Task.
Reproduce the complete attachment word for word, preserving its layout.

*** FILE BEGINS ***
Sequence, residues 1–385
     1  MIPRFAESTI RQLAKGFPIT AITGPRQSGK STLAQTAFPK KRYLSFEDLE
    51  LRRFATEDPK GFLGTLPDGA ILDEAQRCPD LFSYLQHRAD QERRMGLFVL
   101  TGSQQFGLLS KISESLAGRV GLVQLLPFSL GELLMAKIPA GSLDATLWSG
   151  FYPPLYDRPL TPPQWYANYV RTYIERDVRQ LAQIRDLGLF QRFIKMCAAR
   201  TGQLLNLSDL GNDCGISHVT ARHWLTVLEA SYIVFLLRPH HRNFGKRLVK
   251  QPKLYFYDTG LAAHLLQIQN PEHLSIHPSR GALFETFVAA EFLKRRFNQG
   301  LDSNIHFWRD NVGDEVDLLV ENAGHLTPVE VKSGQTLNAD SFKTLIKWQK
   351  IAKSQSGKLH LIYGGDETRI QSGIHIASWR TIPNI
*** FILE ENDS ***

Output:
Sequence, residues 1–385
     1  MIPRFAESTI RQLAKGFPIT AITGPRQSGK STLAQTAFPK KRYLSFEDLE
    51  LRRFATEDPK GFLGTLPDGA ILDEAQRCPD LFSYLQHRAD QERRMGLFVL
   101  TGSQQFGLLS KISESLAGRV GLVQLLPFSL GELLMAKIPA GSLDATLWSG
   151  FYPPLYDRPL TPPQWYANYV RTYIERDVRQ LAQIRDLGLF QRFIKMCAAR
   201  TGQLLNLSDL GNDCGISHVT ARHWLTVLEA SYIVFLLRPH HRNFGKRLVK
   251  QPKLYFYDTG LAAHLLQIQN PEHLSIHPSR GALFETFVAA EFLKRRFNQG
   301  LDSNIHFWRD NVGDEVDLLV ENAGHLTPVE VKSGQTLNAD SFKTLIKWQK
   351  IAKSQSGKLH LIYGGDETRI QSGIHIASWR TIPNI